Ottawa is situated on the south bank of the Ottawa River, and contains the mouths of the Rideau River and Rideau Canal. The oldest part of the city (including what remains of Bytown) is known as Lower Town, and occupies an area between the canal and the rivers. Across the canal to the west lies Centretown (often just called "downtown"), which is the city's financial and commercial hub. Situated between Centretown and the Ottawa River, the slight elevation of Parliament Hill is home to many of the capital's landmark government buildings, including the Peace Tower, and the Legislative seat of Canada. As of June 29, 2007, the Rideau Canal, which stretches 202 km (126 mi) to Kingston, Fort Henry and four Martello towers in the Kingston area was recognized as a UNESCO World Heritage Site.
Ottawa is home to a wealth of national museums, official residences, government buildings, memorials and heritage structures. Federal buildings in the National Capital Region are managed by the Public Works Canada, while most of the federal lands in the Region are managed by the National Capital Commission or NCC; its control of much undeveloped land gives the NCC a great deal of influence over the city's development.
In 2006, the National Capital Commission completed work on the long-discussed Confederation Boulevard, a ceremonial route linking key attractions in National Capital Region, on both sides of the Ottawa River, in Ottawa as well as Gatineau, Quebec.
The Ottawa skyline has remained conservative in skyscraper height throughout the years due to a skyscraper height restriction. First installed to keep Parliament Hill visible from most parts of the City, that initial restriction was changed to a more realistic law many years later. The restriction allows no building to overwhelm the skyline, keeping almost all the downtown building around the same 25-30 story range. Other cities with building height restrictions like Ottawa's include Washington, D.C., Belfast, Northern Ireland, Saint Petersburg, Russia, amongst others.
Toronto is the most populous city in Canada and the provincial capital of Ontario. It is located in Southern Ontario on the northwestern shore of Lake Ontario. With over 2.5 million residents, it is the fifth most populous municipality in North America. Toronto is at the heart of the Greater Toronto Area (GTA), and is part of a densely populated region in Southern Ontario known as the Golden Horseshoe, which is home to 8.1 million residents and has approximately 25% of Canada's population. The census metropolitan area (CMA) had a population of 5,113,149, and the Greater Toronto Area had a population of 5,555,912 in the 2006 Census.
As Canada's economic capital, Toronto is considered a global city and is one of the top financial centres in the world. Toronto's leading economic sectors include finance, business services, telecommunications, aerospace, transportation, media, arts, film, television production, publishing, software production, medical research, education, tourism and sports industries. The Toronto Stock Exchange, the world's seventh largest, is headquartered in the city, along with a majority of Canada's corporations.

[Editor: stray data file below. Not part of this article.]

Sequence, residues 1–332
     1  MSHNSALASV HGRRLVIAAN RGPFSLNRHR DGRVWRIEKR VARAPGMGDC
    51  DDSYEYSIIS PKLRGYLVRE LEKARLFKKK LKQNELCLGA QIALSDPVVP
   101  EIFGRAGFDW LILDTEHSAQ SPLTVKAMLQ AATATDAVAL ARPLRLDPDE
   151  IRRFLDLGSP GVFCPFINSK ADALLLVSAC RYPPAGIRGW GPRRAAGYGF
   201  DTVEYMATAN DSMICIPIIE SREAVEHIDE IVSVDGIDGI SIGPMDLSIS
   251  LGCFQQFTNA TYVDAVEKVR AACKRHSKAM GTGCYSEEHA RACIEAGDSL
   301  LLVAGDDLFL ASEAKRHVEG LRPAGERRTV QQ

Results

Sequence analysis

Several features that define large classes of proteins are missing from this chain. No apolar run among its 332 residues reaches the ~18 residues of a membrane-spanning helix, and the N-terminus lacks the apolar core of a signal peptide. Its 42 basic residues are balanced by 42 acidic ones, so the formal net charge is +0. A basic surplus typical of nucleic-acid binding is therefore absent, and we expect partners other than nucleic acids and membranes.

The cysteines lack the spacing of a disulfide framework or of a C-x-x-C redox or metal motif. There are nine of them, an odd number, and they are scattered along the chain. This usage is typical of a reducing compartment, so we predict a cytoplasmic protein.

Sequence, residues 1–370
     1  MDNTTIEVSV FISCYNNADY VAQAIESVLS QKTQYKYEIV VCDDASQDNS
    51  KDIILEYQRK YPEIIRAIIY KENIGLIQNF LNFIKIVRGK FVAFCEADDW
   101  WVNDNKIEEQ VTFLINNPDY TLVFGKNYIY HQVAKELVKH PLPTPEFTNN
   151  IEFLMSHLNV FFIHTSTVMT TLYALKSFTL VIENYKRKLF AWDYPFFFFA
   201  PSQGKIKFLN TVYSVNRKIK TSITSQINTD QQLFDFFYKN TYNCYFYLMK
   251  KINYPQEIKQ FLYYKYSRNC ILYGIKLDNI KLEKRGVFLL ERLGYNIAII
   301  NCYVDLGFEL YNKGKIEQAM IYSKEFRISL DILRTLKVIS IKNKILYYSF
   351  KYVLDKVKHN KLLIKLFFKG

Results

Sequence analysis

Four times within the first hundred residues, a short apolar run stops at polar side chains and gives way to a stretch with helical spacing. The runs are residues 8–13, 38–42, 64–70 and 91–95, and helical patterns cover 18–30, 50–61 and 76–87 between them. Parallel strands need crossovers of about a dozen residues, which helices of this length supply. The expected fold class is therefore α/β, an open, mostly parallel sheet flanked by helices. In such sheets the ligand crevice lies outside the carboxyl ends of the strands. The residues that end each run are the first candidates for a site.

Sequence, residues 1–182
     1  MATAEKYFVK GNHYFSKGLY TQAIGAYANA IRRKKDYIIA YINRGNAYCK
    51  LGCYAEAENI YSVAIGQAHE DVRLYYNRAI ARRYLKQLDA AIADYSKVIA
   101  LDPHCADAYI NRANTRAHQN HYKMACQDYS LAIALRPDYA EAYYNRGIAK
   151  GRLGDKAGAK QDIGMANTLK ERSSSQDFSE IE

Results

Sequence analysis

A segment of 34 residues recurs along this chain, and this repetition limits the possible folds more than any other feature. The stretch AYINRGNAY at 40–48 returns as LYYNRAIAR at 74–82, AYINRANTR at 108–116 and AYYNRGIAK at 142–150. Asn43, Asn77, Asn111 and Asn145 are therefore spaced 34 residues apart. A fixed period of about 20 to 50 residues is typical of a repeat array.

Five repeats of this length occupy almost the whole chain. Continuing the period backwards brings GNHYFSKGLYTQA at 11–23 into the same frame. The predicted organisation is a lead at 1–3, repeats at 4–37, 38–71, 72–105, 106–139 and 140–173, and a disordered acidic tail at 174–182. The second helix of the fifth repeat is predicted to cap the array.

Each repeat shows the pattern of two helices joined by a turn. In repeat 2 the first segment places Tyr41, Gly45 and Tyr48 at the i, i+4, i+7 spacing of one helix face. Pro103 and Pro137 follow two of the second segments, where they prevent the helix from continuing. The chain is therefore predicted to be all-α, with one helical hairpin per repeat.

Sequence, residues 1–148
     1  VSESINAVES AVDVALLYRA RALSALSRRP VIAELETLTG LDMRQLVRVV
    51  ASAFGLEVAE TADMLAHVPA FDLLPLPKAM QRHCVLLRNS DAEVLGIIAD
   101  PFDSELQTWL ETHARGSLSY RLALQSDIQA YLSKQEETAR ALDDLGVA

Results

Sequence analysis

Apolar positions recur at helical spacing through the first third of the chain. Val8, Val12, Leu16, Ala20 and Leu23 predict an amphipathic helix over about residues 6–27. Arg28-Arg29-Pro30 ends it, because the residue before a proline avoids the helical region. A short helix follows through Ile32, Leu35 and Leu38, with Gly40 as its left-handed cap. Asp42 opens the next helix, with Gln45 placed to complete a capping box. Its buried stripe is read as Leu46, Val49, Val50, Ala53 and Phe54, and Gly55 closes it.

Toronto's population is cosmopolitan and international, reflecting its role as an important destination for immigrants to Canada. Toronto is one of the world's most diverse cities by percentage of non-native-born residents, as about 49% of the population were born outside of Canada. Because of the city's low crime rates, clean environment, high standard of living, and friendlier attitudes to diversity, Toronto is consistently rated as one of the world's most livable cities by the Economist Intelligence Unit and the Mercer Quality of Living Survey. In addition, Toronto was ranked as the most expensive Canadian city in which to live in 2006[update]. Residents of Toronto are called Torontonians.
The city is intersected by two rivers and numerous tributaries: the Humber River in the west end and the Don River east of downtown at opposite ends of the Toronto Harbour. The harbour was naturally created by sediment build-up from lake currents that created the Toronto Islands. The many creeks and rivers cutting from north toward the lake created large tracts of densely forested ravines, and provide ideal sites for parks and recreational trails.
Toronto's climate is moderate for Canada owing to its southerly location within the country. It has a humid continental climate with warm, humid summers and cold winters. The city experiences four distinct seasons, with considerable variance in day to day temperature, particularly during the colder weather season.
Toronto is a city of high-rises, having over 2,000 buildings over 90 metres (300 ft) in height, second only to New York City (which has over 5,000 such buildings) in North America. Most of these buildings are residential (either rental or condominium), whereas the Central business district contains the taller commercial office towers. There has been recent media attention given for the need to retrofit(усовершенствовать) many of these buildings, which were constructed beginning in the 1950s as residential apartment blocks to accommodate a quickly growing population.